Another angle on the trial setup.
And yet another one, to better show how all the bits and pieces fit together.
The last photograph shows a trial setup in the actual simulator, with wooden blocks being employed instead of the lovely aluminium pedals which eventually replaced them. This trial was just to get a better feel for the angles and range of movement.
Another entry with regards my simulator's development will be posted next week, concerning what I'm not yet quite sure ...
Sunday, October 11, 2009
Anyway, back to where it all began ...
100mm x 50mm beams were used as a base so as to keep the floor high enough to allow for some underfloor mechanisms and cables to be placed (and hidden!) there at a later stage.
This is the first of many modules and everything is screwed together rather than nailed, just in case it has to be moved in years to come. Cockpits don't fit through standard doorways very nicely!
Here you can see the side frames taking shape and the central console holds the mounting bases for the Captain and F/O flight instrument monitors.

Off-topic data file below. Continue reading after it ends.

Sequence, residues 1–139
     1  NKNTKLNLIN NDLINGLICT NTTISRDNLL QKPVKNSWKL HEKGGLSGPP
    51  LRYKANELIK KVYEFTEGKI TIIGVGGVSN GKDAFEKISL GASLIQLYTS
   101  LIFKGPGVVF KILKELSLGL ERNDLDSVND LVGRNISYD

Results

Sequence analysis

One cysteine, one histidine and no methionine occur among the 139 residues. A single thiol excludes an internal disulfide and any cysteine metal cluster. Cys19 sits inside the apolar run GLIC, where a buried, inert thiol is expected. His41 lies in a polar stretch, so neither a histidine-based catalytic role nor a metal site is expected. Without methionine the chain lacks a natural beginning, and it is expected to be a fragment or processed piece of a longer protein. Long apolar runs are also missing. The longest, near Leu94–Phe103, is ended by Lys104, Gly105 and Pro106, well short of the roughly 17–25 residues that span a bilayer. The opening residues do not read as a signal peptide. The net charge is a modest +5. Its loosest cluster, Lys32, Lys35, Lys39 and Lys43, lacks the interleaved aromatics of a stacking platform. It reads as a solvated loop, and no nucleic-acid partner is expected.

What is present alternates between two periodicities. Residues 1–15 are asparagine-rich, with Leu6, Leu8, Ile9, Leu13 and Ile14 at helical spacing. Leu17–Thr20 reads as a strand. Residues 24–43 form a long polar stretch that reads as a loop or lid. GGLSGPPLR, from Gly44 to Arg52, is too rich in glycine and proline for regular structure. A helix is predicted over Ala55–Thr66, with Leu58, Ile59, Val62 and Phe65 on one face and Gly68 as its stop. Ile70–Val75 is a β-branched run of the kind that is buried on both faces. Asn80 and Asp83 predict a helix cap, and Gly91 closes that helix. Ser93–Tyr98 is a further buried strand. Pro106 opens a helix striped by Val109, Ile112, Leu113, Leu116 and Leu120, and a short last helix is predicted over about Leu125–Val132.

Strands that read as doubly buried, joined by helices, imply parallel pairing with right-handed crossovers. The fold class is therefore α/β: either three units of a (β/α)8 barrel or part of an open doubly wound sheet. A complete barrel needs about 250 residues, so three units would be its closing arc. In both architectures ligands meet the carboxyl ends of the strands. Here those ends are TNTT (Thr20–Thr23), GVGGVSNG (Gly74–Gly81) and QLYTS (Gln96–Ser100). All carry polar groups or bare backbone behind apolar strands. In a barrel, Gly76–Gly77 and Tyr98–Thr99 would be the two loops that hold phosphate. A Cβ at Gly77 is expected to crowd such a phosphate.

A pair of old car seats were employed for the Captian and F/O. It was necessary to slightly modify the front edge of each seat with a cut-out (to allow the control yoke to fit when the seat is positioned well-forward at the same time as the yoke is being pulled well-back) before they were re-upholstered.
Here you can see the initial parts of the glare shield under construction with the F/O flight instruments monitor sitting in place.
And here is a trial fitting of the control columns ...
This photograph shows temporary yokes having been fitted to the control columns. A continuous chain links both yokes together with precision. Just beyond these you can also see that a trial pair of flight instrument panel cut-outs have been fitted.
The next phase of construction will follow shortly ...